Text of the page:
The MASCOT lander is equipped with a special microscope to examine the minerals on the asteroid's surface. Scientists hope this will help unlock the mysteries of the solar system's beginnings.
The French-German Mobile Asteroid Surface Scout (MASCOT) lander was released from an unmanned Japanese spacecraft on Wednesday. A few hours later, Japanese space agency JAXA confirmed that the scout hand landed on the Ryugu asteroid, 325 million kilometers (201 million miles) from earth.
Researchers hope that the lander will be able to provide vital information about the organic substances and hydrated minerals believed to be contained in the 900-meter (3,000-foot) asteroid. The readings from these substances could provide vital information about the origin and evolution of the solar system.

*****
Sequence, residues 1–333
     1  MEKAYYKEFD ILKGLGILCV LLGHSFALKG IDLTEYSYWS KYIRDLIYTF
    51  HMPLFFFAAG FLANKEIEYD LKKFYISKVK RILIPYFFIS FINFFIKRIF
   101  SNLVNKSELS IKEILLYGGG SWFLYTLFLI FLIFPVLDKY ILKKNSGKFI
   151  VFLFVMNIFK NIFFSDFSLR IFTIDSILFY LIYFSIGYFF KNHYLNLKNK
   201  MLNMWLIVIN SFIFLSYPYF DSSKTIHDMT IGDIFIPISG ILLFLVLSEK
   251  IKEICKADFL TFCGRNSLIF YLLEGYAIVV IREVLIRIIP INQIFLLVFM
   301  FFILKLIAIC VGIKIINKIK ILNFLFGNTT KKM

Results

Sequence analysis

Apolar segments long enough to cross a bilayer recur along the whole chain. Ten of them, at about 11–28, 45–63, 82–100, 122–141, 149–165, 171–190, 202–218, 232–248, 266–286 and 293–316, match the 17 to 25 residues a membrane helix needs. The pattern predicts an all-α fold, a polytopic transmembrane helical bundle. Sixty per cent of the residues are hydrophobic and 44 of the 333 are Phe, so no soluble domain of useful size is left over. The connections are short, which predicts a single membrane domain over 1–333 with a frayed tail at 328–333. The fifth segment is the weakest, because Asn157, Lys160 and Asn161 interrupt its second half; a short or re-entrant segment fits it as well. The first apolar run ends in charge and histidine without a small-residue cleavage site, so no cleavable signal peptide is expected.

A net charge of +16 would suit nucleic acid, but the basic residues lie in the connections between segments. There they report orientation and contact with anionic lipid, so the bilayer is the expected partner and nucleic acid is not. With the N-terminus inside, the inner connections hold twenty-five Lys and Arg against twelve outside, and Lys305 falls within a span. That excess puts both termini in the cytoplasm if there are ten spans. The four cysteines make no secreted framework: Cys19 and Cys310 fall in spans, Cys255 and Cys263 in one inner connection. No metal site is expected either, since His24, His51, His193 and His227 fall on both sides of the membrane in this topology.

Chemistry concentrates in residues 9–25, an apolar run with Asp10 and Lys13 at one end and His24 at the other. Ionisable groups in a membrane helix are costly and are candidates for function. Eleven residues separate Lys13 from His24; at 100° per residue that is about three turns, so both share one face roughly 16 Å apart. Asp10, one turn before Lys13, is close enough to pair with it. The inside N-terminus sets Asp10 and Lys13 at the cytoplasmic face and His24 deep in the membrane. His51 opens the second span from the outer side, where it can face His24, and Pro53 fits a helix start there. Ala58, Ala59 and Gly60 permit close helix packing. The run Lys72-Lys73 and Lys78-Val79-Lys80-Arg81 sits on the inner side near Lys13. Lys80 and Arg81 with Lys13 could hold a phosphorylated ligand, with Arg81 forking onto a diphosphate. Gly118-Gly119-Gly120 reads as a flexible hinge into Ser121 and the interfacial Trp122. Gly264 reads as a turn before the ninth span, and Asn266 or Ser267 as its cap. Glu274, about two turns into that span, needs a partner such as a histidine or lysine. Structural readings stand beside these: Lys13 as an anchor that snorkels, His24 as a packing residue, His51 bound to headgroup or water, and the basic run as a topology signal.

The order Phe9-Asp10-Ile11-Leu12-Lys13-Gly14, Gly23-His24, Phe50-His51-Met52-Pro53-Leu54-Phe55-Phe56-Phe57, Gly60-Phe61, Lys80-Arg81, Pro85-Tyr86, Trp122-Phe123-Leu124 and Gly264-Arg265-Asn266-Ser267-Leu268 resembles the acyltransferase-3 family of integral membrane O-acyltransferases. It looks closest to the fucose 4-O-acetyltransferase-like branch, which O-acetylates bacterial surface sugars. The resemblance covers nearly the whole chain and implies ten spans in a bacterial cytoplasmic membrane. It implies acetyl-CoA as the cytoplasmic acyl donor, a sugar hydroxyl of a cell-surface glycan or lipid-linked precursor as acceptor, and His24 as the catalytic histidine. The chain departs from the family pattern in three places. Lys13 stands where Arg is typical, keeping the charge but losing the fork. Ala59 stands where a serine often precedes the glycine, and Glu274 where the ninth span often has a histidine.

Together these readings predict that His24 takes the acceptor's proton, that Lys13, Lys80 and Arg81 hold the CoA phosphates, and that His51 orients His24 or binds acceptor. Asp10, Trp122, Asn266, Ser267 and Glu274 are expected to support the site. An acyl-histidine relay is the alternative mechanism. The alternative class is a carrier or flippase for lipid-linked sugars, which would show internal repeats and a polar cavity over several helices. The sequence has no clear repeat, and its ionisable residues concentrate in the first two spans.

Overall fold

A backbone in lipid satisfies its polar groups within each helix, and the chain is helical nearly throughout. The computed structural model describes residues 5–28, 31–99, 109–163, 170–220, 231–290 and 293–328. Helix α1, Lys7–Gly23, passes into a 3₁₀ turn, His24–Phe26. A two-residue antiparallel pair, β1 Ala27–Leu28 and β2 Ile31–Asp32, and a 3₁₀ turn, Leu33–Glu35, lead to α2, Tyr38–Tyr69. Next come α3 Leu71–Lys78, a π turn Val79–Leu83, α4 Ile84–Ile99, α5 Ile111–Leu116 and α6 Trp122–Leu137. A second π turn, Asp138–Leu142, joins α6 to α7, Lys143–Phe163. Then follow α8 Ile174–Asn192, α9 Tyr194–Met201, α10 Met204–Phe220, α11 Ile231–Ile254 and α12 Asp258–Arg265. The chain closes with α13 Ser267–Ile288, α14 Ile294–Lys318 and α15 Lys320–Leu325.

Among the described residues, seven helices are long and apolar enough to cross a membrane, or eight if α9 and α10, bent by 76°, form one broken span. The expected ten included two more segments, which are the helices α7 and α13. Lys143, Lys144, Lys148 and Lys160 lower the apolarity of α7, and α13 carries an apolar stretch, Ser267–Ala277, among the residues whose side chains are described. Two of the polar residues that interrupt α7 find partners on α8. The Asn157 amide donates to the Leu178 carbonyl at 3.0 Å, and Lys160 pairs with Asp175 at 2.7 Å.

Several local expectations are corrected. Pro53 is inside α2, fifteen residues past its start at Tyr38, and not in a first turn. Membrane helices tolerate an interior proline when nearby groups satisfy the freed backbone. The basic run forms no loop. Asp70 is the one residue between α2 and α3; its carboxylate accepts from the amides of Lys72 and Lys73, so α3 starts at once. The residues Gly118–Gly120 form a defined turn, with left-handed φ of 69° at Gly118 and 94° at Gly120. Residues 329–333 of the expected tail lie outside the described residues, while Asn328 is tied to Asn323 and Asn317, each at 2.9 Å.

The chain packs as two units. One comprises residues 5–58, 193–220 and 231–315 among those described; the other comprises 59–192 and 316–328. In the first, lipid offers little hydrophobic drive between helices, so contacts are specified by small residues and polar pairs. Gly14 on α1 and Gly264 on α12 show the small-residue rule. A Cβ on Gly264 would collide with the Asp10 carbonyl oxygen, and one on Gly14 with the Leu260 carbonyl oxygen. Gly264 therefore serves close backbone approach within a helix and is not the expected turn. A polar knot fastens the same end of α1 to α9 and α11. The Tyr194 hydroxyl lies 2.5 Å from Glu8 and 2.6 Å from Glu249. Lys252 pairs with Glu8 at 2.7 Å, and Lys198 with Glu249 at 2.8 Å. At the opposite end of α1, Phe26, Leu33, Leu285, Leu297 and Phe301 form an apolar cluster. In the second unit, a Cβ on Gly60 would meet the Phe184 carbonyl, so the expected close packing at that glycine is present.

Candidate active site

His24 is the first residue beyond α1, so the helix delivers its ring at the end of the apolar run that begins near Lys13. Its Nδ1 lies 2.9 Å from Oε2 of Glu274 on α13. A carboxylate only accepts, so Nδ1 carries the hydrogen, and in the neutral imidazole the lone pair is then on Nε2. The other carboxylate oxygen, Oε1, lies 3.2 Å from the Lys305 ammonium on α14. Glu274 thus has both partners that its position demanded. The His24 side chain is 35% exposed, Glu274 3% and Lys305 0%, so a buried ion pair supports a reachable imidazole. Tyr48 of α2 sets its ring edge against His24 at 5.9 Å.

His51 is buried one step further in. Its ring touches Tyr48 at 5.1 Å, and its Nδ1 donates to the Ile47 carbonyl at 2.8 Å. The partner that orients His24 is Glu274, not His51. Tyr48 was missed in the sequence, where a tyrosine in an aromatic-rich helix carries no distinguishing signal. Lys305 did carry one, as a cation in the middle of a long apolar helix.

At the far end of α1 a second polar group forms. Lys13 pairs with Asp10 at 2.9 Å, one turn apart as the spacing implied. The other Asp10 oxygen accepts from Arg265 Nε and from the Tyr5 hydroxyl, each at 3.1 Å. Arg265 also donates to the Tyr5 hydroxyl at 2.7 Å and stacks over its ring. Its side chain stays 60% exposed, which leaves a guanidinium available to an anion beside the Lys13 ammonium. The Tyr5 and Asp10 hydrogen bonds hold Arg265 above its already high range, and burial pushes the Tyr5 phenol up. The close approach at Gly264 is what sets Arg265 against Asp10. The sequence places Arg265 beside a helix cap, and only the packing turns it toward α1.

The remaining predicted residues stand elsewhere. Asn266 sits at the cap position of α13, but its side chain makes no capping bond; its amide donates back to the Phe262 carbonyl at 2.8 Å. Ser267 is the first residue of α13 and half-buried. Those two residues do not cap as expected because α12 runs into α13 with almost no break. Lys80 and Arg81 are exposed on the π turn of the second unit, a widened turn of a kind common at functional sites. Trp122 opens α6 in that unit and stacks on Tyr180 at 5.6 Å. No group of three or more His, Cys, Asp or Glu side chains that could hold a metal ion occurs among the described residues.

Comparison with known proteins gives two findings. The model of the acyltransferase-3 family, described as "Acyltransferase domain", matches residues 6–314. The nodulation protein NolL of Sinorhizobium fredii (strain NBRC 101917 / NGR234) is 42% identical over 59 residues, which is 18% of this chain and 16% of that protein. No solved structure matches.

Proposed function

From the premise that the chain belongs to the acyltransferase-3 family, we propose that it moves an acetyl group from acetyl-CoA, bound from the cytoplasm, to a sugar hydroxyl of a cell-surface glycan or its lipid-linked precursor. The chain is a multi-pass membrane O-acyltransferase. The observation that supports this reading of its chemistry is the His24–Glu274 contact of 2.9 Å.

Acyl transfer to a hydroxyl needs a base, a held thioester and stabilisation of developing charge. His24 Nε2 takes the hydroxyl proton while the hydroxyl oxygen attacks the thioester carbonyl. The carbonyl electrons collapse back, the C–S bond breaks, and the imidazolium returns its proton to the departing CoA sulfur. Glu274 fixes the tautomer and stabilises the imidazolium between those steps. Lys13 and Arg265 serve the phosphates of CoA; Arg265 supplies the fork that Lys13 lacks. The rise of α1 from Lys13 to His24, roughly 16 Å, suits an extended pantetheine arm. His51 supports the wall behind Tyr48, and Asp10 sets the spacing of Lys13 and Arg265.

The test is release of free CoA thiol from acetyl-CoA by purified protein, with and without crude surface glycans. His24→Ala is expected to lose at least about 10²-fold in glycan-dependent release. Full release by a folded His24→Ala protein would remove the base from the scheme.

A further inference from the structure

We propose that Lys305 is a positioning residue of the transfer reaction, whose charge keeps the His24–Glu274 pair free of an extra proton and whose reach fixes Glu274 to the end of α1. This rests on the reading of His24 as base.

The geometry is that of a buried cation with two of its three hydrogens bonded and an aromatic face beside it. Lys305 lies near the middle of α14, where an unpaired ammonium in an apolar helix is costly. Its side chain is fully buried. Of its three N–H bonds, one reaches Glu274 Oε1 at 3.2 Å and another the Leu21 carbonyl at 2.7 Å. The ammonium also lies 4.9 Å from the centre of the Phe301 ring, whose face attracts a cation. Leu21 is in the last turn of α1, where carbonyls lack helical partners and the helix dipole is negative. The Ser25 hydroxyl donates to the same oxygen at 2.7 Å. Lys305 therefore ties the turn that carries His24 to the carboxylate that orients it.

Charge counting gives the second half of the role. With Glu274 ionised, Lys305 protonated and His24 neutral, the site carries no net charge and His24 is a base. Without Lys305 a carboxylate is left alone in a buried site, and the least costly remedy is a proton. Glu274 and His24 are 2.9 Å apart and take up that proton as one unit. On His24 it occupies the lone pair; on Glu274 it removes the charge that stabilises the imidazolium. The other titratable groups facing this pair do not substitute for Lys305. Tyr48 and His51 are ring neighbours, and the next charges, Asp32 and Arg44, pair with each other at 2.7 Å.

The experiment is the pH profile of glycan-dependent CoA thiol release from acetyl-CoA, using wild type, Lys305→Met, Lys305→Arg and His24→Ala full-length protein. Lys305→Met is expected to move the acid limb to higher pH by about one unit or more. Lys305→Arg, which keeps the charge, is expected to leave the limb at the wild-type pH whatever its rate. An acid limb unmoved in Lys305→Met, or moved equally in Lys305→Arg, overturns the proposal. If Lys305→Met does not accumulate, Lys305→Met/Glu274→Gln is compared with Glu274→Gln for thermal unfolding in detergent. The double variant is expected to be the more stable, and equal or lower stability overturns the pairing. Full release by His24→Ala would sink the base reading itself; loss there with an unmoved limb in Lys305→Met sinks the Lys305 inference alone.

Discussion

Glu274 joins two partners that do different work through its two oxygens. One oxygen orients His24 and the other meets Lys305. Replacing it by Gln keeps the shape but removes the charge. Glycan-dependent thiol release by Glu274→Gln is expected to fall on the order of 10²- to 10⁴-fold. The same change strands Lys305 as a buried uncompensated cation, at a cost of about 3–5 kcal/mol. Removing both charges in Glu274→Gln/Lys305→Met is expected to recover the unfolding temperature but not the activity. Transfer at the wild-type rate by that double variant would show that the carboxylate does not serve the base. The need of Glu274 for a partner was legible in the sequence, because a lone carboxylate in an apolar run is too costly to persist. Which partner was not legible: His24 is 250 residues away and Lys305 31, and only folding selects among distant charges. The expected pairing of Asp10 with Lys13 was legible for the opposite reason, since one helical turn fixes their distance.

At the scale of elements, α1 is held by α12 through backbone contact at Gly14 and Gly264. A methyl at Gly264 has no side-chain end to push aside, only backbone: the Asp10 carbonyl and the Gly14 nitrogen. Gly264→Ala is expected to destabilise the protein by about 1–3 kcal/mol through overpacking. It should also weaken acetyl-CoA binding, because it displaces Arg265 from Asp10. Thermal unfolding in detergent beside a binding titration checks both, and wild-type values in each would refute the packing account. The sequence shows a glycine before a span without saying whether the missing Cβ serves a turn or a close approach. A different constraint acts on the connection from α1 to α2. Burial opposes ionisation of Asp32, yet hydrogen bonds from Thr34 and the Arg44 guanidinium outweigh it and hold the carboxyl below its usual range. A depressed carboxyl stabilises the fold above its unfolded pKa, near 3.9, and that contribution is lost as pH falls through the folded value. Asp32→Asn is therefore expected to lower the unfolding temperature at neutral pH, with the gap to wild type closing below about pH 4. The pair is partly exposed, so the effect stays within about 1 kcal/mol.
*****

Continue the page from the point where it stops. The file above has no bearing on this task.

The lander also has a wide-angle camera to capture its surroundings and a spectroscopic microscope on the bottom to examine minerals on the asteroid's surface.
"The researchers will be watching with excitement in the minutes and hours after touchdown, as it is impossible to predict how MASCOT will move on the surface according to the laws of physics alone," said the German Aerospace Center (DLR).
The DLR created the probe alongside the French National Center for Space Studies (CNES),which was carried to the asteroid by the Japanese ship Hayabusa2.
Hayabusa2 was travelling towards the Ryugu asteroid for two years before finally reaching it in June. Last month, it deployed two MINERVA-II1 jumping observation rovers to the other side of the asteroid.
The Hayabusa2 is also scheduled to land briefly on the asteroid itself, in the hopes it can collect samples to bring back to Earth.
es/aw (dpa, AFP)